Crime

Paterno Gives First Interview Since Penn State Scandal

"I don't want to walk away from this thing bitter," said Paterno.

(The Blaze/AP) — Former Penn State coach Joe Paterno says he "didn't know which way to go" after an assistant coach came to him in 2002 saying he had seen retired defensive coordinator Jerry Sandusky sexually abusing a boy.

In his first public comments since being fired two months ago, Paterno told The Washington Post that assistant Mike McQueary "didn't want to get specific" about details in his 2002 allegation involving Sandusky, who he claimed was showering with a boy in the Penn State football facility.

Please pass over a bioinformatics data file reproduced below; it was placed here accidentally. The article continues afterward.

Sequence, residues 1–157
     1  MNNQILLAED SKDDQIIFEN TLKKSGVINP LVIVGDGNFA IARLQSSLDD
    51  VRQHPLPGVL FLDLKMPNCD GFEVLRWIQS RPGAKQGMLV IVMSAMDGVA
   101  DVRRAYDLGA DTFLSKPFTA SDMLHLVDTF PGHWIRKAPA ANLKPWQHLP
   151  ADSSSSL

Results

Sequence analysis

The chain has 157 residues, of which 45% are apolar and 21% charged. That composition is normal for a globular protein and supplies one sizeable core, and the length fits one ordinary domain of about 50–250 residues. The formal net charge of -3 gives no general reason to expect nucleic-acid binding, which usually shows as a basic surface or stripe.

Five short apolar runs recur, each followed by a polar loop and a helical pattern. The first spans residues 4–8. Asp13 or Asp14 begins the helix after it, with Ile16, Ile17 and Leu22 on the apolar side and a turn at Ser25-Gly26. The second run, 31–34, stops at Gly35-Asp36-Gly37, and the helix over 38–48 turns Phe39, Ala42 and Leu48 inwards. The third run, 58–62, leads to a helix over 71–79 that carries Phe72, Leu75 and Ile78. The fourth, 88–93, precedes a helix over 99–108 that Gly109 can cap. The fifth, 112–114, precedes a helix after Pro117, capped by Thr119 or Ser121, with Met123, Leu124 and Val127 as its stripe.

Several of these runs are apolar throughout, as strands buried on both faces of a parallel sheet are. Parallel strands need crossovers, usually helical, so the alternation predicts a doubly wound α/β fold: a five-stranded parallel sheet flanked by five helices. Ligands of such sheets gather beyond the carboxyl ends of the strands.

The Post reported Saturday that Paterno was hesitant to make follow-up calls because he didn't want to be seen as trying to exert influence for or against Sandusky.

"I didn't know which way to go ... And rather than get in there and make a mistake," he told the Post before trailing off.

Paterno reported the allegation to his superiors. Paterno is accused of no wrongdoing, and authorities have said he fulfilled his legal obligations by reporting to his superiors. Washington Post photo by John McDonnell of Paterno at his home during the interview:

Sandusky has denied the charges, which were first filed Nov. 5. Paterno was ousted four days later after 46 years as head coach.

Post interviewer Sally Jenkins notes that she gave Paterno every opportunity to complain about the way the university had terminated him, but "he didn't want to do that."

"I don't want to walk away from this thing bitter," said Paterno.

Jenkins's interview with Paterno, featuring audio/video, at The Washington Post.

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